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Dondi’s astrarium, the eighth wonder of the world
History & Masterpieces

Dondi’s astrarium, the eighth wonder of the world

Friday, 24 October 2008
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Christophe Roulet
Editor-in-chief, HH Journal

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6 min read

The Italian astronomer Giovanni da Dondi devised and built the first planetary clock, which he completed in 1364. Considered a pure product of Italian genius, it nonetheless finished on the scrap heap… though not without firing the imagination of the medievalists who set about its reconstruction.

Any visitor to the Musée International de l’Horlogerie in La Chaux-de-Fonds, the Paris Observatory, even the Leonardo da Vinci Museum of Science and Technology in Milan, the Smithsonian Institution in Washington, the London Science Museum or the Musée Beyer in Zurich will have contemplated Dondi’s astrarium… though certainly not with the same emotion as the contemporaries of its creator, Giovanni da Dondi (1318-1389). And for a simple reason: they will only have seen reproductions of the original which, in its day, was considered to be one of the finest examples of human genius. No less than the eighth wonder of the world. Its complexity was such that, following da Dondi’s death, it never really functioned correctly and, like any other broken clock, ended its days on the scrap heap.

“This in no way diminished Giovanni da Dondi’s glory,” write Gerhard Dohrn-van Rossum, Philippe Braunstein and Olivier Mannoni in their book History of the Hour. “On the contrary: because no-one was able to repair the mechanism or maintain it in working order, the maker of this construction, considered one of the wonders of the world in the Lower Middle Ages, was seen as an extraordinary genius to whom many of his contemporaries would pay tribute, among them Petrarch and Philippe de Mézières.”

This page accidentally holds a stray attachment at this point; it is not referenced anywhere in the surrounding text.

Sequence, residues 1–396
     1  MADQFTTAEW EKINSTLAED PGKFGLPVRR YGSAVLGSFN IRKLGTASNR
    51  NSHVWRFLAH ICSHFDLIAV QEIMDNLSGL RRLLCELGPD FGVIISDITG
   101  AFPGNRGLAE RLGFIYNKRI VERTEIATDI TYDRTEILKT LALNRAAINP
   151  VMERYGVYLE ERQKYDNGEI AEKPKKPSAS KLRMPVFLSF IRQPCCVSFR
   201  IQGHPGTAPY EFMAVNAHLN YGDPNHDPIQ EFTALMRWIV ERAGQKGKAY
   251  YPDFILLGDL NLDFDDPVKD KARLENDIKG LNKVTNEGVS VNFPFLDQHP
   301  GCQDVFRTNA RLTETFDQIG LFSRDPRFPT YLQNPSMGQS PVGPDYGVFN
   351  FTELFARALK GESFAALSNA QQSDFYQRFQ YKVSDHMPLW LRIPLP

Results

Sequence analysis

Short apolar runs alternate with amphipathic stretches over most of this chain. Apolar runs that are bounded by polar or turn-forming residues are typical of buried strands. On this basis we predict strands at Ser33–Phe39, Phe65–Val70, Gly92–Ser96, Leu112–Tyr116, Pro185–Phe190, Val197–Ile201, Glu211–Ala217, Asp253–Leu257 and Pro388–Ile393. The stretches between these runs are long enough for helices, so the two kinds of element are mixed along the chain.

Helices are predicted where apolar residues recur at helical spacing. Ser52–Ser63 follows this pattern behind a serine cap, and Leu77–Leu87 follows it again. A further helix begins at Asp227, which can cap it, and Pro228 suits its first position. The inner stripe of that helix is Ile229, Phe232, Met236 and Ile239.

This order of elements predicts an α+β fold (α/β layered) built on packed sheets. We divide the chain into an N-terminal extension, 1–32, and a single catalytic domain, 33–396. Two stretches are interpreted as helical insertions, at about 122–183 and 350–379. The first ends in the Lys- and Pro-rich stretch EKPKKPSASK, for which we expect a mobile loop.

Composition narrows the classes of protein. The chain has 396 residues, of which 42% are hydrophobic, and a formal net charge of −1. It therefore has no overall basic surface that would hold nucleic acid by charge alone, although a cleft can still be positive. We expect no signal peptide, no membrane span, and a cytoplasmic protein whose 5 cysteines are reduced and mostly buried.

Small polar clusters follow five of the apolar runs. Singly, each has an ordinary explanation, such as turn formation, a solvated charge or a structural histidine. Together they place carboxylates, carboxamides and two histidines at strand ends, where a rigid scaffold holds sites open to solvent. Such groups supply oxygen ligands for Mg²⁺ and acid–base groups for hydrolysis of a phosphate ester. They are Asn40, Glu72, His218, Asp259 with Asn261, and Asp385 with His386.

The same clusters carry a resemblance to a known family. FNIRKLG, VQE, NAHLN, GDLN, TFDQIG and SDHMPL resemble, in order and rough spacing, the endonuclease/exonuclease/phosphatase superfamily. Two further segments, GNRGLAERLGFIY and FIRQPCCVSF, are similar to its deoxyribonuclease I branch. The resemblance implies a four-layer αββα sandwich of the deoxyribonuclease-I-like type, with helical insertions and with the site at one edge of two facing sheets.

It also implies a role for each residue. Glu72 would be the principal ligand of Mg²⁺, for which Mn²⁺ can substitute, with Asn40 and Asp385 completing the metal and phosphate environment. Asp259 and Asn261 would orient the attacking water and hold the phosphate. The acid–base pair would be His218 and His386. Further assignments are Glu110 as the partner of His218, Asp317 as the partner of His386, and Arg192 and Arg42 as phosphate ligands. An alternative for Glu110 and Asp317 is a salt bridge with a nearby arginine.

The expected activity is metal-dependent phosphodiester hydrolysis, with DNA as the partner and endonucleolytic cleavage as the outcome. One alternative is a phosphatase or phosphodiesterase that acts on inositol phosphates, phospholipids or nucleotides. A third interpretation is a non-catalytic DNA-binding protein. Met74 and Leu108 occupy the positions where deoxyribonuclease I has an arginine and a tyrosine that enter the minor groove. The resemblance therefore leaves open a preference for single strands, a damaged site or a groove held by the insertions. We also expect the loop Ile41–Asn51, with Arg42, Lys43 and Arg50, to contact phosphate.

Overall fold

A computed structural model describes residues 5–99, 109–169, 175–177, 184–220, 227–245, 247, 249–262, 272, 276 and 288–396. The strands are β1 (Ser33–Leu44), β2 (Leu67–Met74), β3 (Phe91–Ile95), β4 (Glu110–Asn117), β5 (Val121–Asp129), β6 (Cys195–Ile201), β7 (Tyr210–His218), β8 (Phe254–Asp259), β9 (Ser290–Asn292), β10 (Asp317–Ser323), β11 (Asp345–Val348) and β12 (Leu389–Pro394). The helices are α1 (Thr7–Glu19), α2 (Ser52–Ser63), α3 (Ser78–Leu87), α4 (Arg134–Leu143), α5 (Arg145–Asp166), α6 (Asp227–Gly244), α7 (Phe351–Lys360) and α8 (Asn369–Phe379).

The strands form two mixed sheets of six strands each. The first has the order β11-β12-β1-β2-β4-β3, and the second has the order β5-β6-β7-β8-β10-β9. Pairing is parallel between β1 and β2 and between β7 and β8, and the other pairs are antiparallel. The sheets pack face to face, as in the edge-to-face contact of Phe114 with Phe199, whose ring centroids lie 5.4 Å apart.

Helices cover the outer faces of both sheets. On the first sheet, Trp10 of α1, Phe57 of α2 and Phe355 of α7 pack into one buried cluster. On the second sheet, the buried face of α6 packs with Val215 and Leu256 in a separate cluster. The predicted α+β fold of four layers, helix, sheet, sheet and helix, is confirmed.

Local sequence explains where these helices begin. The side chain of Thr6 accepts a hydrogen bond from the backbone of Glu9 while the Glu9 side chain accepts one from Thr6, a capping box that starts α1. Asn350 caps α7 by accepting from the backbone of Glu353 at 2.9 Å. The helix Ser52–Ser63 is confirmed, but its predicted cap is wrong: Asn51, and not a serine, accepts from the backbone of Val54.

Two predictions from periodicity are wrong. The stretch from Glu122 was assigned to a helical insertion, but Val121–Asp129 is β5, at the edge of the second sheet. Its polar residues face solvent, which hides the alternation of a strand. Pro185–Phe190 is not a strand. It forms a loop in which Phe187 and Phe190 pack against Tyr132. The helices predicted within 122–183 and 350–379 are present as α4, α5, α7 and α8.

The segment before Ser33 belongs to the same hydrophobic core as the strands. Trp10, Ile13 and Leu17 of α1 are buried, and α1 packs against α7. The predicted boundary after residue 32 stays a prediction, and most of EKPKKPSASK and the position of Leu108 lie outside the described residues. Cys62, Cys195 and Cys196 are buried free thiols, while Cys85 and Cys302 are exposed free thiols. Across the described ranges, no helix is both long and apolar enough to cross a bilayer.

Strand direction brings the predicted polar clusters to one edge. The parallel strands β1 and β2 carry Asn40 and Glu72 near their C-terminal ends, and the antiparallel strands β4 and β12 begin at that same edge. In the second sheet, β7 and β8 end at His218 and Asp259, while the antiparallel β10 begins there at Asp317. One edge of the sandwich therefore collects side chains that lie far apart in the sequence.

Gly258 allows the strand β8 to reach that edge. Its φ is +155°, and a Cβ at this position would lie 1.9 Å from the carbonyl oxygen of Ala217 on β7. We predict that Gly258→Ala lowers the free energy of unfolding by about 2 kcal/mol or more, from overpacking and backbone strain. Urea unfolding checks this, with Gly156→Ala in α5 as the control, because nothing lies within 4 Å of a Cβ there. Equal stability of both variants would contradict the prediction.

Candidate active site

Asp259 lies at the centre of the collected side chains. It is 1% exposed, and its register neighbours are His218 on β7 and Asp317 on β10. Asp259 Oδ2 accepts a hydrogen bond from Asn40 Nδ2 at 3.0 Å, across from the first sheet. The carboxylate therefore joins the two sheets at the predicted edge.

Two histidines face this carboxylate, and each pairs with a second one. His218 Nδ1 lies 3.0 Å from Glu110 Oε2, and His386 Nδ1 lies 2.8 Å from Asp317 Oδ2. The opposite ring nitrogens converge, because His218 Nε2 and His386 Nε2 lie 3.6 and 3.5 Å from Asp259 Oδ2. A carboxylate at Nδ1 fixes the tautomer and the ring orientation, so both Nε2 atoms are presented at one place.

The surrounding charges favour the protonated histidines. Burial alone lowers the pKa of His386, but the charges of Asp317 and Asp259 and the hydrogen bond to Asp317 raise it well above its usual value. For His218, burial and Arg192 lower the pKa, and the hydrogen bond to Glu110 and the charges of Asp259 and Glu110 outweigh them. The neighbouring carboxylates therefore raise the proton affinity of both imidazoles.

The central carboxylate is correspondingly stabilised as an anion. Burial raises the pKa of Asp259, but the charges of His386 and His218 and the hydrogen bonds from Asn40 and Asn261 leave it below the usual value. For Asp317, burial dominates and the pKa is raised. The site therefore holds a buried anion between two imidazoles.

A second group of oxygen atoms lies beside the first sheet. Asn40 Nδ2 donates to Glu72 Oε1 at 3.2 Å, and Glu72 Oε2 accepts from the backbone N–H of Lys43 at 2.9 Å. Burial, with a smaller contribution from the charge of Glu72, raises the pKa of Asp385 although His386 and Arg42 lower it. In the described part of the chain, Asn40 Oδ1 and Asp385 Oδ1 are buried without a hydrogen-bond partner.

A rule on the planet dials shows the actual position of the planet in the zodiac, i.e. the sign and degree where it is* © MIH
A rule on the planet dials shows the actual position of the planet in the zodiac, i.e. the sign and degree where it is* © MIH
Reconstructing the astrarium

“Let us not linger on the technical obstacles that prevented the astrarium’s proper functioning and instead consider the collaboration between a man of science, capable of describing in detail that which he implements, and the technicians capable of making, in metal, the toothed wheels that caused the seven sides of the tower to rotate. A society that can give form to this coinciding of theory and practical knowledge, and to such a degree of technical refinement, has at its disposal the productive resources that herald industrial society,” continues Philippe Braunstein in his work Travail et Entreprise au Moyen Âge. In other words, the astrarium, an exceptional object, is considered the first planetary clock, intended to function as an mechanised equitorium [[An astronomical instrument invented by Campanus of Novara in the 13th century and used to calculate the position of the planets by means of mobile discs, arranged as a physical representation of Ptolemy’s geometric constructions, without the help of calculation tables.]] in which a clockwork mechanism reproduces the movement of the planets.